In meeting the above, discharge rates below 1.0 litre/sec may not be achievable, depending on self cleansing velocities. However low flow control devices are available on the market to achieve such discharge rates. Through proper design and maintenance such devices should not be prone to blockage, if proposed discharge rates are greater than the equivalent greenfield runoff rates based on there being a greater risk of blockage, full justification should be provided as to why blockage cannot be designed out and is considered to be a risk. Such sites will be considered on site by site basis.
5.4.2 Climate change
Allowances are included for two future time-frames, labelled 2050s and 2070s. Use 2050s for development with a lifetime up to 2060 and use 2070s for development with a lifetime between 2061 and 2125.
Applicants should design the attenuation on site to accommodate the 1:100 year upper end allowance.
Commercial or time Limited development
A lower percentage provision for climate change maybe appropriate for commercial development. The applicant should justify the percentage climate change allowance used based on the anticipated lifespan of the development.
If the applicant wishes to consider a different allowance for climate change, this should be discussed with the LLFA via our chargeable pre-application service.
5.4.3 Urban creep
Urban creep (the conversion of permeable surfaces to impermeable over time) should be considered for all residential developments and other developments. An allowance of an additional 10% for urban creep should be included within the proposed impermeable areas unless a different development density is anticipated which may reduce the applicable allowance. Where the applicant does not consider an urban creep allowance to be appropriate clear supporting evidence and justification should be provided. Such information could include a site layout showing that the development is unlikely to result in additional areas of hardstanding over time such as an apartment block or commercial premises.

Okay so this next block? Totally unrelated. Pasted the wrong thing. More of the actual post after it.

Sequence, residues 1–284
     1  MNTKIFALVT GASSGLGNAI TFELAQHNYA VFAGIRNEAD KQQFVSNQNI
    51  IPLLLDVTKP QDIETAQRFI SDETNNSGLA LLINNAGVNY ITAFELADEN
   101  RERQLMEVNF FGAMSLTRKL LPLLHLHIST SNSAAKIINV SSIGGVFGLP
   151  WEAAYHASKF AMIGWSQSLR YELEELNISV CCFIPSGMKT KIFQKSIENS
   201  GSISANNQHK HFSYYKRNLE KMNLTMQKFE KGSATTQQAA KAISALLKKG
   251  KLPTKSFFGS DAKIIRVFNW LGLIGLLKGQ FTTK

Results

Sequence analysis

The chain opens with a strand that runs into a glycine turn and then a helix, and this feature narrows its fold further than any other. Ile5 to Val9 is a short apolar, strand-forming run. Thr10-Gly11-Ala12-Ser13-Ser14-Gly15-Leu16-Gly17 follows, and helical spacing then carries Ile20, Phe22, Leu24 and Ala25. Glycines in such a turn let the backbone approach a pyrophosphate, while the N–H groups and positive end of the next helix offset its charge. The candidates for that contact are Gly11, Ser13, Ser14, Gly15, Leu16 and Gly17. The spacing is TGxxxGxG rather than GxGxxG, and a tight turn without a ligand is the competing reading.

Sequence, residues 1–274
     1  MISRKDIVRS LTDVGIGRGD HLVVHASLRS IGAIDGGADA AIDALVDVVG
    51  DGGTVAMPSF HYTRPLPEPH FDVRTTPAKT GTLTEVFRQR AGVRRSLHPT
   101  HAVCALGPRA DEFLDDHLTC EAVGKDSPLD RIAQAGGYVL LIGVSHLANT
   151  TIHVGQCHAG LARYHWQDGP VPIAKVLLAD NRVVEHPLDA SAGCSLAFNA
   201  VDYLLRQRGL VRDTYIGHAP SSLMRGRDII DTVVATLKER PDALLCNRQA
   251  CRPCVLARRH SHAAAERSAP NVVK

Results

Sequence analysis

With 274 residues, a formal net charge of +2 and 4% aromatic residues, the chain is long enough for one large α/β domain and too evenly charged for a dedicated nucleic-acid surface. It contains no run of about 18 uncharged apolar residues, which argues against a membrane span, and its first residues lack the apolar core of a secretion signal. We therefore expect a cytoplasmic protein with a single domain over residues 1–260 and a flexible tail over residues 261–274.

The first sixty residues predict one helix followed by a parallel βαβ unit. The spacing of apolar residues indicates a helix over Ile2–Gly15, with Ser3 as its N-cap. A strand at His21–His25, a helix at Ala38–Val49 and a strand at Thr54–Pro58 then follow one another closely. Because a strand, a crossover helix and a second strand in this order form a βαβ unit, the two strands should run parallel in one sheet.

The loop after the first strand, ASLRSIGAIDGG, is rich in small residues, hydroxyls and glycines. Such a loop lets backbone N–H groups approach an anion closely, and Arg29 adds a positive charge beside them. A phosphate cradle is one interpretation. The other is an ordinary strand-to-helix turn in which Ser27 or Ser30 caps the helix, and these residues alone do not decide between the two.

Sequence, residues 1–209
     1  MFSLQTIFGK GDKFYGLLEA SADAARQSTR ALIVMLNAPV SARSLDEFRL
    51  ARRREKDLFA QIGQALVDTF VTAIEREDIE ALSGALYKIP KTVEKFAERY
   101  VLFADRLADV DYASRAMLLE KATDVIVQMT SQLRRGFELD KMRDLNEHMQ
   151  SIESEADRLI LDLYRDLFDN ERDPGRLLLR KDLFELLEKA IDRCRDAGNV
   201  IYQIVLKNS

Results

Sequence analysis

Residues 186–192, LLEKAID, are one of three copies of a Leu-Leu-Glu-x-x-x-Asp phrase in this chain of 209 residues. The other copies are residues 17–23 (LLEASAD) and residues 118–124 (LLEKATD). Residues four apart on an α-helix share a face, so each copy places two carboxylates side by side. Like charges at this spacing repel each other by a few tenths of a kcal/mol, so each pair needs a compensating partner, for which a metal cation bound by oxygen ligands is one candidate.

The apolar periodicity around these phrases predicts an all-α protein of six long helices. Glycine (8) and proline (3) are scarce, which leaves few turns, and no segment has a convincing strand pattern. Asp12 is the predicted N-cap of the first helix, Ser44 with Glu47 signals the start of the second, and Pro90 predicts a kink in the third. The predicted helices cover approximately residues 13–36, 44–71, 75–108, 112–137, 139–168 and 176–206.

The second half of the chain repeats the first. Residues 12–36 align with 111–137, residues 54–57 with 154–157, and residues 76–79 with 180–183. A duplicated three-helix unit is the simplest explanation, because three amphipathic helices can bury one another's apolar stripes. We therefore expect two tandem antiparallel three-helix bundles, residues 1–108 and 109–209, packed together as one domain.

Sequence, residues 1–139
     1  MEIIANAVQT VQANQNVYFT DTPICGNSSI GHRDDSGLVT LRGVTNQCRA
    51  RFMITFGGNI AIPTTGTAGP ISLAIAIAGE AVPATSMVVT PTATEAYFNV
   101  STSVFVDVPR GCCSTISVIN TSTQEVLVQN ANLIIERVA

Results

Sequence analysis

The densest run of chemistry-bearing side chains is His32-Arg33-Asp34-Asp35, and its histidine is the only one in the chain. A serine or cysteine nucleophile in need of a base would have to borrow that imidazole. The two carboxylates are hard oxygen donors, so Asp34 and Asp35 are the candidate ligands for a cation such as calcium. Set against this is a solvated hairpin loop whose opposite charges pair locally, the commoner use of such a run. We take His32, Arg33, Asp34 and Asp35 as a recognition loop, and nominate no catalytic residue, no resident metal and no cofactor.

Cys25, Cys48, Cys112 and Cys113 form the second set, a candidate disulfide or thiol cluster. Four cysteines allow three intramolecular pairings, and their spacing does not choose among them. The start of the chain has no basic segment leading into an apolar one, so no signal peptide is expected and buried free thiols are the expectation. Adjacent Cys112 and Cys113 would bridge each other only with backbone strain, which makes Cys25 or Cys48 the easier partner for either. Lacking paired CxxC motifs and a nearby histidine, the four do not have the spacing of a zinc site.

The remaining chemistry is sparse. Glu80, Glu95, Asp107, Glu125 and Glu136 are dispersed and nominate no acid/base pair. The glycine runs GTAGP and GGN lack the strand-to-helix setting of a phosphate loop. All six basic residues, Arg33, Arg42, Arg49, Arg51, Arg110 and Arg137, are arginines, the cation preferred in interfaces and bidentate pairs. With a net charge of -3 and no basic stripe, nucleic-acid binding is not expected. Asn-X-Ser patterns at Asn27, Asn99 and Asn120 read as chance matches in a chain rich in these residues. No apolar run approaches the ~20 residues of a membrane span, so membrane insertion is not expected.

Residential development density
Urban Creep allowance
|fewer than 25||10|
|more than 50||2|
|Flats and Apartments||0|
5.5 Discharge volume
Greenfield and Brownfield Sites
The excess runoff generated by the proposed development (additional to the greenfield runoff) during the 1 in 100 year, 6 hour storm event should be attenuated onsite. Where insufficient space exists to accommodate long term storage, the applicant should provide clear and robust justification as to why long term storage cannot be accommodated.
The attenuation device(s) required to achieve the proposed surface water restriction from the site should be clearly identified. Above ground storage devices that provide water quality, ecological and amenity benefits should be proposed where practicable. Robust justification should be provided if below ground attenuation devices such as crates, tanks or oversized pipes are proposed.
Attenuation device(s) should always be located in accessible areas such as areas of open space, under access roads or shared parking areas. Thought should be given to how maintenance and/or potential replacement of the attenuation devices would be carried out over the lifetime of the development. Devices serving developments in more than one ownership should not be located in areas such as private rear gardens where access and ownership arrangements are unclear.
5.7 Exceedance planning
The design of the site must ensure that flows resulting from rainfall in excess of a 1 in 100 year (+CC allowance) rainfall event are managed in exceedance routes that minimise the risks to people and property, and do not increase flood risk off site. Any predicted and/or designed flow routes, or areas where water will pool, should be set out in a clear drawing and provided within the management plan to the future site owners.
Access and egress arrangements during flood events should be discussed with the relevant LPA.
5.8 Management and maintenance
At the application stage basic information should be supplied to confirm how the entire drainage system will be maintained in perpetuity. How the SuDS will perform and develop over time should be considered. Any additional maintenance tasks that will be required to ensure the system continues to function should be stated and adequate access arrangements provided to enable maintenance to be carried out.